Hypatia 31 (4):730-745 (2016)

Authors
Lindsay Kelland
Rhodes University
Abstract
This article explores the various challenges that survivors of rape and sexual violence face when attempting to construct a narrative of their experience under political and epistemic conditions that are not supportive: including the absence of adequate language with which to understand, articulate, and explain their experiences; narrative disruptions at the personal, interpersonal, and social levels; hermeneutical injustice; and canonical narratives that typically further the harms experienced by survivors. In response, I argue that feminist consciousness-raising speak-outs should be revived by contemporary feminists since they are able to do significant work to ameliorate the above-mentioned challenges and thereby aid in the recovery of rape survivors.
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DOI 10.1111/hypa.12295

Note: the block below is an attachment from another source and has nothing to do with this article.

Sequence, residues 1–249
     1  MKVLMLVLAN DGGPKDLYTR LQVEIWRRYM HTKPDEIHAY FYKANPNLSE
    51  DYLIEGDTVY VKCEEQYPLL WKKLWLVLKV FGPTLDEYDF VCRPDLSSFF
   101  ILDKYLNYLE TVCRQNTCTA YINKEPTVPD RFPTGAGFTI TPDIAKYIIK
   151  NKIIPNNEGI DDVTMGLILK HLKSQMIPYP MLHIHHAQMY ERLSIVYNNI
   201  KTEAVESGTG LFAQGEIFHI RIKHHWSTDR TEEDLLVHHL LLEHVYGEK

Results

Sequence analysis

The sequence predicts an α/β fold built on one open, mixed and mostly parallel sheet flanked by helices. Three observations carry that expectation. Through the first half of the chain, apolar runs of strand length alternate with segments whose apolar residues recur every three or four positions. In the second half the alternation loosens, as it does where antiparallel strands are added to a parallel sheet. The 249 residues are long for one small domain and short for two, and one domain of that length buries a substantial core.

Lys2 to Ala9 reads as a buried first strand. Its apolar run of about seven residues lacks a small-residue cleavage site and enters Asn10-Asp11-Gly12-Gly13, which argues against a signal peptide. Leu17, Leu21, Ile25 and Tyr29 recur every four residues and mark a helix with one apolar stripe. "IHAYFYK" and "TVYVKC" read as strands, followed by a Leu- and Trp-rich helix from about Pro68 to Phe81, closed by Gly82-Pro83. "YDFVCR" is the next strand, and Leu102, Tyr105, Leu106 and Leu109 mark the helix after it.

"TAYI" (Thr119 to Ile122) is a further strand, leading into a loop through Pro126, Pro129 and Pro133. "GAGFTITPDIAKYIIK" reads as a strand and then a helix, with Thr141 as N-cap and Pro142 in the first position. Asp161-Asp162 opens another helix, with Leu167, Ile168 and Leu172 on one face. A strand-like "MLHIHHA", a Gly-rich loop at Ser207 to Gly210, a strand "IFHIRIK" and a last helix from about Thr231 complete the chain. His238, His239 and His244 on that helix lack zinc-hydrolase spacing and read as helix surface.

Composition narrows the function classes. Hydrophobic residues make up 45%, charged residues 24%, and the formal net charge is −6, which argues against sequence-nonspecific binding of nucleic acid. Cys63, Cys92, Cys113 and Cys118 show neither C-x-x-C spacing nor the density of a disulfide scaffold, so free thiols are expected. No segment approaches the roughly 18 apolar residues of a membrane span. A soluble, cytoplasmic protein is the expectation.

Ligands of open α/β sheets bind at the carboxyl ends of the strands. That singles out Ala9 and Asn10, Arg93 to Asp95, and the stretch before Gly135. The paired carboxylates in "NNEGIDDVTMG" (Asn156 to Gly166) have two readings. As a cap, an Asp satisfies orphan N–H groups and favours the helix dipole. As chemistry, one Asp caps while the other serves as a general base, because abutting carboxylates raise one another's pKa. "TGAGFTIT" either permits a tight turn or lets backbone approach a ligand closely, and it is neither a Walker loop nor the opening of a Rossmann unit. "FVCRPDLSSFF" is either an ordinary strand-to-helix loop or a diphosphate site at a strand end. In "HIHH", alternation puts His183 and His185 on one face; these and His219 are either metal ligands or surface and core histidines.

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References found in this work BETA

Toward a Phenomenology of Feminist Consciousness.Sandra Lee Bartky - 1975 - Social Theory and Practice 3 (4):425-439.
Epistemic Injustice — Power and the Ethics of Knowing.Kristian Høyer Toft - 2008 - Ethical Theory and Moral Practice 11 (1):117-119.

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Citations of this work BETA

Rape Culture and Epistemology.Bianca Crewe & Jonathan Jenkins Ichikawa - forthcoming - In Jennifer Lackey (ed.), Applied Epistemology.

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